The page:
Cane blight claimingroses in the Treasure Valley

April 12, 2013 

If you have rose shrubs in your yard, inspect them carefully. Rose cane bacterial blight is back and has killed a number of roses.

If you see dark red, purplish or black spots on rose canes, scrape through tender bark with your fingernail. If it's dry wood under the cane "skin," it's a sign of winter kill. If it's wet below the outer skin, it's bacterial cane blight.

If your rose is so infected that you can't prune at least a few inches below the blighted areas, your rose should be removed and sent to the landfill. Do not compost these infected shrubs.

Rick Freitag, in charge of the Julia Davis Park rose garden, noticed some shrubs were infected, so he and his crew set to work pruning at least two to three inches below evidence of blight, disinfecting their pruners with Lysol after pruning each shrub. They also used a copper-based spray.

Dr. Krishna Mohan, plant pathologist with the University of Idaho Parma research station, advises spraying a copper-based chemical in fall, after half of the leaves have dropped, and spraying again after the remaining leaves have dropped. Freitag said they didn't spray last fall because the leaves hadn't dropped.

Since the bacteria enter the canes at leaf scars and pruning wounds, it makes sense to wait until at least some of the leaves fall. If you pull the leaves off, you create more of an open wound that would admit bacteria than if you let leaves drop naturally.

Anju Lucas, head of perennials at Edwards Greenhouse, said several people have lost roses to the bacterial blight again this spring. She added that none of the dead roses brought to her have been David Austin English roses. Sandie Ford, rose grower and member of the rose society, said she had had no bacterial cane blight on her miniature roses. Apparently other varieties are more vulnerable.

This blight is a variation of the Pseudomonas syringae bacterial infection that has become common in this Valley but varies in intensity from year to year. Symptoms start as reddish-brown areas, turning purple-black and necrotic (dead). Be careful you don't spread the disease with pruning tools. Disinfect them before you touch another shrub.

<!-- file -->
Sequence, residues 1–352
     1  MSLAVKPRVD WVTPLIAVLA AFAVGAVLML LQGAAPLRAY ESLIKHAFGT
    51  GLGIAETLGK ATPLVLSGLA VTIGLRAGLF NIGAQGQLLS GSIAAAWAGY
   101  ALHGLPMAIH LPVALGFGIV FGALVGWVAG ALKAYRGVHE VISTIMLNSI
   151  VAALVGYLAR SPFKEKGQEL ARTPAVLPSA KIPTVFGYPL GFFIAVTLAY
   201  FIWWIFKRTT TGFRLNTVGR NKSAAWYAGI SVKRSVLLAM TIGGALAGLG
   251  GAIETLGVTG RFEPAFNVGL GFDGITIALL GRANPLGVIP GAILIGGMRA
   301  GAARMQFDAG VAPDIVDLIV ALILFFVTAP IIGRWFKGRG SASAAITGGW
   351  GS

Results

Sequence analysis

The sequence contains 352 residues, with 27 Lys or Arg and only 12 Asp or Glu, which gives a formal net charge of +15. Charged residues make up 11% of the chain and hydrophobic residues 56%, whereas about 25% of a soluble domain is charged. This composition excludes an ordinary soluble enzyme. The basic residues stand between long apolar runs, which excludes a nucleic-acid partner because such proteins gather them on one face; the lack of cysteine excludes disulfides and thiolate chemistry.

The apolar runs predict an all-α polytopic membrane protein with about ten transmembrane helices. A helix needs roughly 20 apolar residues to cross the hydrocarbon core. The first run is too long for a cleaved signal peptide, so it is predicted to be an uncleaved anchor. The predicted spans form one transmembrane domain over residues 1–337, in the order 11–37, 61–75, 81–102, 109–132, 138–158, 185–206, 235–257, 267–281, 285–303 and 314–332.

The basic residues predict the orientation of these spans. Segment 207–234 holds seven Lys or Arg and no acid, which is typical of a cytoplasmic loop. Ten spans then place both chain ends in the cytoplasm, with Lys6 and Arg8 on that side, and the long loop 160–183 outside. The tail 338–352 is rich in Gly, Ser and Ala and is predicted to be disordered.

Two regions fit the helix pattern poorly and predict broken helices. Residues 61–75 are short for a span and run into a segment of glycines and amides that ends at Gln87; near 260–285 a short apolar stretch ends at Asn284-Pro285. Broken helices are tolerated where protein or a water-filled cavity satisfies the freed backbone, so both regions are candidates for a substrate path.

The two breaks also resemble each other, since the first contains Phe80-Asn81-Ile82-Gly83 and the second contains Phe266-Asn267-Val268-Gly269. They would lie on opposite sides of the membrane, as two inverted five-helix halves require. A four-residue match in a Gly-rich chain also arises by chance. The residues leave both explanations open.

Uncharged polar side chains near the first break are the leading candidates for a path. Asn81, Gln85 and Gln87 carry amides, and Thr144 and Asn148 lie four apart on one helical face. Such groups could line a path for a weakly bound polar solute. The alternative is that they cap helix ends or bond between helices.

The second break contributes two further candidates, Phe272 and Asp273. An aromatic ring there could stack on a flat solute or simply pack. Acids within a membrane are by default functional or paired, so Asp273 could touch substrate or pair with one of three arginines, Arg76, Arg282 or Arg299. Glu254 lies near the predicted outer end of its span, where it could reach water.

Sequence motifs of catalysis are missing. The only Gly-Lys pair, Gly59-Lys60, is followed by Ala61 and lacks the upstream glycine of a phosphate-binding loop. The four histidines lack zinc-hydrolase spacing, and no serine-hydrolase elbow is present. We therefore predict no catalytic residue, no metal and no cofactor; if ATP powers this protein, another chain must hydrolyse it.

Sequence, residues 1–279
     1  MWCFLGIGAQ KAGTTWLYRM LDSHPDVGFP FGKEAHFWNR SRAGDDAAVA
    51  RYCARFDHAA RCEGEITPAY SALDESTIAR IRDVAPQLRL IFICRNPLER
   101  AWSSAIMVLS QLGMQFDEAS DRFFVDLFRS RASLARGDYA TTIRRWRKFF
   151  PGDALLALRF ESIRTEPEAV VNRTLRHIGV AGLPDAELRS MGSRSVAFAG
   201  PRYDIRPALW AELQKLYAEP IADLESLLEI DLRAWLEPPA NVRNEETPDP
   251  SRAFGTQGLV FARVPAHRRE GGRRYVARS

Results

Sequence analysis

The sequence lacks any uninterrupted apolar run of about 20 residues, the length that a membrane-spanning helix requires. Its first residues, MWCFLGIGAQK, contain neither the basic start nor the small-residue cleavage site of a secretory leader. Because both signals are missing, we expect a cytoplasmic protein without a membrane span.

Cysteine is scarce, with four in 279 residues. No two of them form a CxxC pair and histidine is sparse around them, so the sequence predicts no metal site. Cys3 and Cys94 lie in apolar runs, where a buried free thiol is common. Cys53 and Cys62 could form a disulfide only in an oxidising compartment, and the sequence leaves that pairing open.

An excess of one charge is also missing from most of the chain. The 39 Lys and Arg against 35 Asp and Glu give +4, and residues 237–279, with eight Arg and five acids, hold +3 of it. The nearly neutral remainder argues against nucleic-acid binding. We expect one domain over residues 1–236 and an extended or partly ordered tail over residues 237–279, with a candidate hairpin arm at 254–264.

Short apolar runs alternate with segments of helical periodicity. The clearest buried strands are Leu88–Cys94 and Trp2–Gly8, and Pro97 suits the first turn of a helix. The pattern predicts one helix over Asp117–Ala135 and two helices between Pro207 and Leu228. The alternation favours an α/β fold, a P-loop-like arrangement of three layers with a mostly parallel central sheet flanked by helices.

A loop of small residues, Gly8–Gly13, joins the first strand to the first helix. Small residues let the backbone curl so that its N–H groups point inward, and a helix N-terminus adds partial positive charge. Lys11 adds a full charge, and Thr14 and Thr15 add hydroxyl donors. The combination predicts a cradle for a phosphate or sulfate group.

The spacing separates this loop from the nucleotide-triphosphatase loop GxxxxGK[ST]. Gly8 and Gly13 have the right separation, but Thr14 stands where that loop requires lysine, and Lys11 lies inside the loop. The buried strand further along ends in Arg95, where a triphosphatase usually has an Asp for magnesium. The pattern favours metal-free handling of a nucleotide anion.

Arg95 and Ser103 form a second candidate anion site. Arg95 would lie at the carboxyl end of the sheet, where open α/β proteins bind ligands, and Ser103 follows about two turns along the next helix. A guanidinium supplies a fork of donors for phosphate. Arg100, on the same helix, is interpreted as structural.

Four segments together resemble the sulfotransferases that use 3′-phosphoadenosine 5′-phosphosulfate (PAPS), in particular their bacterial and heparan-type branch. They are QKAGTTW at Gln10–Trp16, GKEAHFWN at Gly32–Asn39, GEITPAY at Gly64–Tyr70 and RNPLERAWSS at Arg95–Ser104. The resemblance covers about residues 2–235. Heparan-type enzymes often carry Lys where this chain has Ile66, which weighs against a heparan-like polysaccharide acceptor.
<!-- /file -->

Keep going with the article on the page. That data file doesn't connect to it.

HOW DO YOU KEEP WEEDS OUT OF YOUR GARDEN BEDS?

You can prevent them or get rid of them after they arrive. Prevention is easier.

You can prevent weeds with thick mulch so their seeds don't have a chance to germinate. First, you need to remove visible weeds, use chemical germination prevention, or deny weeds the sunlight or moisture they need for their seeds to germinate.

You can deny them the proper dose of sunlight by using groundcovers, for instance. Those may be sweet potato vines, succulent vines, lamium, creeping thyme or even lawn substitutes. One thing to consider when selecting ground covers is whether there will be foot traffic on the ground cover. Not all can withstand that abuse.

Black weed-blocking cloth is available from garden centers, but it may be difficult to use in tight spaces.

Does the groundcover you're considering come in colors? If it's to be placed in a shady setting, will it turn the area even darker or will it lighten things up? Is it to cover a small area or a large one?

One groundcover variety that is colorful and variegated is Houttynia cordata 'Chameleon.' Some gardeners call it "hootenanny," and swear at it, not by it. Yes, it is hard to control, but it is edible. In Andrea Nguyen's "Into the Vietnamese Kitchen," she says it has a "slightly sour, fishy flavor. Some people love the tanginess, while others are put off by the unusual taste." It's also called vap ca and other Vietnamese names that require accent marks. She likes it with "boldly flavored grilled meat," and refers to it by a common name, "fish mint," although she doesn't specify its use on fish.

Lamium, or dead nettle, has in pale yellow ground-hugging leaves that can brighten a dark area of your garden. Some groundcovers, such as creeping myrtle (periwinkle), grow fairly tall (up to about 14 inches), and have pale purple flowers. Another hardy ground cover is ajuga, with blue-bronze leaves and insignificant flowers. Ice plant works, too.

Send garden questions to melauter@earthlink.net or Gardening, The Idaho Statesman, P.O. Box 40, Boise, ID 83707.

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